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Is Vodafone Group plc A Super Income Stock?

vodafone

Shares in Vodafone (LSE: VOD) (NASDAQ: VOD.US) have had a strong year, rising from £1.85 one year ago to around £2.45 at the time of writing. This gain of over 30% compares favourably with gains made by the FTSE 100 of 5% over the same time period.

In addition, Vodafone has paid over £0.10 per share in dividends over the same time period, proving its worth over the last year as both a growth and income stock. However, with the sale of its stake in Verizon Wireless and a significantly higher share price than one year ago, can Vodafone still be classed as a super income stock?

With a yield of 4.5%, Vodafone can still be considered a high-yielding share (despite its previously mentioned price rise). This compares favourably to the FTSE 100’s yield of 3.5% and is significantly better than the interest rates received on a typical high street bank account. Crucially, it’s also more than double current levels of inflation.

However, where Vodafone disappoints relative to many of its FTSE 100 peers is regarding dividend growth rates. Certainly, Vodafone has impressed in the past on this front, with it delivering annualised growth in dividends of over 7% during the last five years. During normal economic conditions such a figure would be appealing, but for it to post such gains while the world economy has been faltering is mightily impressive.

The future, though, looks set to be somewhat different than the past. Vodafone’s dividend per share is forecast to be the same in two years time as it is today, which means that in real terms (after the effects of inflation have been taken into account), Vodafone’s dividend will be lower in two years than it is today.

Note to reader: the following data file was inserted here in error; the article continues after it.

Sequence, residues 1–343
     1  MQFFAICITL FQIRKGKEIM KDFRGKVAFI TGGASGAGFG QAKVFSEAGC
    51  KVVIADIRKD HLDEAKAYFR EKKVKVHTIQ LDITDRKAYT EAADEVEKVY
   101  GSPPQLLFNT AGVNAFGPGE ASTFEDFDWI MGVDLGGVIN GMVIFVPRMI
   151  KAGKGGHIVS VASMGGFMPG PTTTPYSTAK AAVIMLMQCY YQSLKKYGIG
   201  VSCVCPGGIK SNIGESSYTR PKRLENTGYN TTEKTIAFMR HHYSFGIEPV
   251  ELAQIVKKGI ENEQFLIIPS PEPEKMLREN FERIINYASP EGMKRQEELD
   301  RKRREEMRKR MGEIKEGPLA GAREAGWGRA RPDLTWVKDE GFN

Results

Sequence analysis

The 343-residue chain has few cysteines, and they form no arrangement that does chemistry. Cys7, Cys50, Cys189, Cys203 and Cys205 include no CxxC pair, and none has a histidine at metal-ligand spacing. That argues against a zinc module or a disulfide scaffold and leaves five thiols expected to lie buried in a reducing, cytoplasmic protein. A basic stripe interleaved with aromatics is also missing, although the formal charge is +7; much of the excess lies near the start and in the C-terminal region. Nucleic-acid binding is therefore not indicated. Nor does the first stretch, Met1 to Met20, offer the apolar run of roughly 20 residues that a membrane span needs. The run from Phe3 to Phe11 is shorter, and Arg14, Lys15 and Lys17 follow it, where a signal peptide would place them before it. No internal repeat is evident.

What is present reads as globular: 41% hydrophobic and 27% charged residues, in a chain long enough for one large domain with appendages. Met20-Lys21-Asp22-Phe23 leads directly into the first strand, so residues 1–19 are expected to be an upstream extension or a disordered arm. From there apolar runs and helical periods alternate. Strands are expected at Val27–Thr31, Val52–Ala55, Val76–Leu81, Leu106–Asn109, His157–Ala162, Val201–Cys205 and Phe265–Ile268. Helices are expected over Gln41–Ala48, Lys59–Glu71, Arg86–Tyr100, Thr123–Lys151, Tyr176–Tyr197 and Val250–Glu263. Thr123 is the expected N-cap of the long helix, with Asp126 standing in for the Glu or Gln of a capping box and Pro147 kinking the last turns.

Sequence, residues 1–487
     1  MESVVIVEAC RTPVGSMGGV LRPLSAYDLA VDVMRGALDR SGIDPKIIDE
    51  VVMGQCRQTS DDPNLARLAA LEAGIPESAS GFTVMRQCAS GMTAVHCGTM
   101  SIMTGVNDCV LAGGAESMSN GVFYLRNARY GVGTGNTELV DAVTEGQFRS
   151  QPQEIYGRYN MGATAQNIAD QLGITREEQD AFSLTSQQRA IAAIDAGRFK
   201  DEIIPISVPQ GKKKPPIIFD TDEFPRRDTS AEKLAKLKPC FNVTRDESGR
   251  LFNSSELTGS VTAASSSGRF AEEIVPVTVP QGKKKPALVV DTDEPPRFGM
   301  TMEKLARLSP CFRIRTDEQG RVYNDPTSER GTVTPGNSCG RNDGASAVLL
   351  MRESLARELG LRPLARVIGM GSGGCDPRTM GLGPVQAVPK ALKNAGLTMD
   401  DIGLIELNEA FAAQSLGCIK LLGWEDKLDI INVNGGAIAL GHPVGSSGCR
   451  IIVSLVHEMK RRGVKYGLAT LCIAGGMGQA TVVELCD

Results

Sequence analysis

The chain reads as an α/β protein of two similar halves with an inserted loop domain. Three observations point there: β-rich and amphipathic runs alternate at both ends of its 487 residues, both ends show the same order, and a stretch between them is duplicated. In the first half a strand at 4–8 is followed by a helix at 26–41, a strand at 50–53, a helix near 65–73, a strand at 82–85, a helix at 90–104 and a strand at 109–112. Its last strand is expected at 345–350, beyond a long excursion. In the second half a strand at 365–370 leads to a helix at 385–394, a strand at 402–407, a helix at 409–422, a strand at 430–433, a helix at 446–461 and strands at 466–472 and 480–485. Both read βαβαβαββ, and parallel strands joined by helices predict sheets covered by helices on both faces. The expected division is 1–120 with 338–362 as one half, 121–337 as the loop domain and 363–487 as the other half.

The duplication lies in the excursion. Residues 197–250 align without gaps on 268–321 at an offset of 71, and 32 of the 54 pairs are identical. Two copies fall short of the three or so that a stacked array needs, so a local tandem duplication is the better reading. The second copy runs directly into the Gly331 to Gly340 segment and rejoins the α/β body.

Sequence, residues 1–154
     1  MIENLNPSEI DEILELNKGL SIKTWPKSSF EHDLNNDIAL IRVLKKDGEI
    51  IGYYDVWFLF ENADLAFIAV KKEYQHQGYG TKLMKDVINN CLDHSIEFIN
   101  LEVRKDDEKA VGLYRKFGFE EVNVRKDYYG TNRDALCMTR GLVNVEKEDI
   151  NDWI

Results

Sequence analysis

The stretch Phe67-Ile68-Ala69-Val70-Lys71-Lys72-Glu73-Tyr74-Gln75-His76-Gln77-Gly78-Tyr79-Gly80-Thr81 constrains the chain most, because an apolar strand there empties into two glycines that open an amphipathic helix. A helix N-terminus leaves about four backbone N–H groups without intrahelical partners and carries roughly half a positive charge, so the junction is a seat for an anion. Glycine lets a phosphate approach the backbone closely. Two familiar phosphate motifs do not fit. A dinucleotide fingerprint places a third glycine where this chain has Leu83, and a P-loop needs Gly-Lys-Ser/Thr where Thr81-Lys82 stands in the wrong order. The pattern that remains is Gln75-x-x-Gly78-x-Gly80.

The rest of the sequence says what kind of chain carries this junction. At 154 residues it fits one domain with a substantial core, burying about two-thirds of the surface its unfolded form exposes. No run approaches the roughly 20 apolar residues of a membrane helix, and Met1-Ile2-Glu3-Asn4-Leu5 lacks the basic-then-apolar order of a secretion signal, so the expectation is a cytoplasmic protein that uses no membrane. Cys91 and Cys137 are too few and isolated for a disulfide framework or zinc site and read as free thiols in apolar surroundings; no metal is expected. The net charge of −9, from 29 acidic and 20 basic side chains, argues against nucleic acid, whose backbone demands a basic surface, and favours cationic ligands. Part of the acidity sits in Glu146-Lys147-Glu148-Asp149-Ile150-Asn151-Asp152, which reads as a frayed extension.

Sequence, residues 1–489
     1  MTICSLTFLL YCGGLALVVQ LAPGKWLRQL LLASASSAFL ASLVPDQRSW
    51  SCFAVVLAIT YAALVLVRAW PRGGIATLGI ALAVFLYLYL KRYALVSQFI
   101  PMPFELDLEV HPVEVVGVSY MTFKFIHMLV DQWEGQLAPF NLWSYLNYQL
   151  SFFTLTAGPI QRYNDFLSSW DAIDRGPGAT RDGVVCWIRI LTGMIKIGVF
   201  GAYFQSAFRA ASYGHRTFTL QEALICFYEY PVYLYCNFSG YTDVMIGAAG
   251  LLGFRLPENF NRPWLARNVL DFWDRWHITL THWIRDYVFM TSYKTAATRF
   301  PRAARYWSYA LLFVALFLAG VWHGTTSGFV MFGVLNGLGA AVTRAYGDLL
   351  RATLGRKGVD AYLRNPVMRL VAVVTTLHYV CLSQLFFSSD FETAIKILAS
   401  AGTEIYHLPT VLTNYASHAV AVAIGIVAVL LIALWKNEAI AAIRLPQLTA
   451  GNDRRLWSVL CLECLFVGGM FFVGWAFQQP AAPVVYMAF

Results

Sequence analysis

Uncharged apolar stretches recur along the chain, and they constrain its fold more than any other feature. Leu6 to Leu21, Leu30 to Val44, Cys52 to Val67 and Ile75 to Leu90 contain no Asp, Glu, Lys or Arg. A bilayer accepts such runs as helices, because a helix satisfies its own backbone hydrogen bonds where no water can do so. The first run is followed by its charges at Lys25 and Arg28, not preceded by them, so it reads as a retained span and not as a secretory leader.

Furthermore, Vodafone’s dividend payout ratio (the proportion of profits paid out as dividends) remains relatively high. For instance, in the current year its dividend payout ratio is roughly 75% and, over the next two years, this figure looks set to increase. Certainly, Vodafone is a mature company in a mature sector and, as such, can afford to be generous with dividends. The dividend payout ratio, though, indicates that it may be prioritising dividends over reinvestment in the short run.

Despite this, Vodafone remains a relatively attractive income play. Its yield is considerably above average and, although dividends per share are set to be the same in two years as they are today, Vodafone continues to provide a stable income for investors. While its dividend payout ratio is slightly high, its debt levels remain low and expansion can be financed through borrowing rather than reinvestment. Therefore, while not quite a ‘super’ income stock, Vodafone remains a ‘very good’ income stock at least.

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Peter does not own shares in Vodafone.